In the historical romance which I have woven of the dramatic events ofthe life of Jefferson Davis I have drawn his real character unobscuredby passion or prejudice. Forced by his people to lead their cause, hisgenius created an engine of war so terrible in its power that through itfive million Southerners, without money, without a market, withoutcredit, withstood for four years the shock of twenty million men oftheir own blood and of equal daring, backed by boundless resources.
Indians were all friendly. It was the boast of the Choctaws that no man of their breed had ever shed the blood of a white man.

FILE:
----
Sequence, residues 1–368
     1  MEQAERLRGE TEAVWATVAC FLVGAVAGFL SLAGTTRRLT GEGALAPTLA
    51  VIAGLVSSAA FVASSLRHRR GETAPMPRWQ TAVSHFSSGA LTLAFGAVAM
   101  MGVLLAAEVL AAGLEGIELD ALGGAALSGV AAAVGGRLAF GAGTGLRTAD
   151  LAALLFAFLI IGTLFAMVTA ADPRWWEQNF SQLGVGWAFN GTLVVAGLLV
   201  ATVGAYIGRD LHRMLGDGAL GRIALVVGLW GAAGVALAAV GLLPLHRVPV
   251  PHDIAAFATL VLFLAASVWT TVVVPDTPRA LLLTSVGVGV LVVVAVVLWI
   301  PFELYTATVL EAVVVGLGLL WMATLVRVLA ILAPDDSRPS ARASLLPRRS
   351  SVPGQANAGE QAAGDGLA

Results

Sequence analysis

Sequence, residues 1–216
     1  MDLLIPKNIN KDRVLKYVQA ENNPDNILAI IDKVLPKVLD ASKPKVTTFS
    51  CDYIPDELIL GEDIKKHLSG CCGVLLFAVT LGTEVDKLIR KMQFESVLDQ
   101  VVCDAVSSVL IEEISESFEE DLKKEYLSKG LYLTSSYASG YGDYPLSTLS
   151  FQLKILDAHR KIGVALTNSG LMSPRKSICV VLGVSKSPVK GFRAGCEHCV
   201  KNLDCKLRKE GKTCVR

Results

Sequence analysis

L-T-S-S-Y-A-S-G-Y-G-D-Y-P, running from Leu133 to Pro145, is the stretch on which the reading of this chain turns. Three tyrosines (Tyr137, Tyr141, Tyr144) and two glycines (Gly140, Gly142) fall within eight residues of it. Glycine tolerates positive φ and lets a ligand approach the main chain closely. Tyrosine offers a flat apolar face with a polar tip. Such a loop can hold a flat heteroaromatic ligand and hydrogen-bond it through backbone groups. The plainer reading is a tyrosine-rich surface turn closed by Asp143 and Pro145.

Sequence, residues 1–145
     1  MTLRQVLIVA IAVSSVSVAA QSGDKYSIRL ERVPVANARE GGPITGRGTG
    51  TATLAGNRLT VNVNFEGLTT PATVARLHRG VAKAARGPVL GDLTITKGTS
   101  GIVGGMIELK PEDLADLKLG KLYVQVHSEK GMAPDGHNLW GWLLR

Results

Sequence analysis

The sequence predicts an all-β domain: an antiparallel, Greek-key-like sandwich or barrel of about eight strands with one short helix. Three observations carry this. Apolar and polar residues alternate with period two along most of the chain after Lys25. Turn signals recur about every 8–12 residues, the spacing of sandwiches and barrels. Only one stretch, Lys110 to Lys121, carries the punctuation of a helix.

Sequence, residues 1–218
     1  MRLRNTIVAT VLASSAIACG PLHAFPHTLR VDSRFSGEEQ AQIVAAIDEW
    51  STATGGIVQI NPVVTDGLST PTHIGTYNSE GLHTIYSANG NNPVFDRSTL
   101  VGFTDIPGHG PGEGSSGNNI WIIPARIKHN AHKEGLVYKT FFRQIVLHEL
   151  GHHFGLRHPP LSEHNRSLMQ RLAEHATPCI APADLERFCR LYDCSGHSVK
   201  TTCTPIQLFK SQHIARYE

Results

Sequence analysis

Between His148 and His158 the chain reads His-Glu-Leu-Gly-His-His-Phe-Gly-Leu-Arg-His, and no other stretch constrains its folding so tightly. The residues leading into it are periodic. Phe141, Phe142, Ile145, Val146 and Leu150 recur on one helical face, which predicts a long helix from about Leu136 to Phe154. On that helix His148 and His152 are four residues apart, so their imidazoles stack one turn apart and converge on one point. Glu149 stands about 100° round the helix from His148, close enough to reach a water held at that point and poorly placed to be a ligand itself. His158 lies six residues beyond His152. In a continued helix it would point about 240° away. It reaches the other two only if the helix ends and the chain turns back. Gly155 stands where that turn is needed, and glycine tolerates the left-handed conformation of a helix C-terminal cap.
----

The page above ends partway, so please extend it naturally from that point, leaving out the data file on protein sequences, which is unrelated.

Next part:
For days they followed the course of the majestic river rolling its yellow flood to the sea and watched the lazy flat and keel boats drift slowly down to New Orleans bearing the wealth of the new Western World. The men who had manned these rude craft were slowly tramping on foot back to their homes in the North. Their boats could not stem the tide for the return trip. Every day they passed these weary walkers. The Boy was sorry they couldn't ride. His pony's step was so firm and quick and strong.
He raced with Howell the first day and beat him so far there was no fun in it. He never challenged his rival again. He was the guest of Major Hinds on this trip. It would be rude. But he slipped out in the dark that night, and hugged his pony:
"You're the finest horse that ever was!" he whispered.
"Of course I am!" the pony laughed.
"I love you--"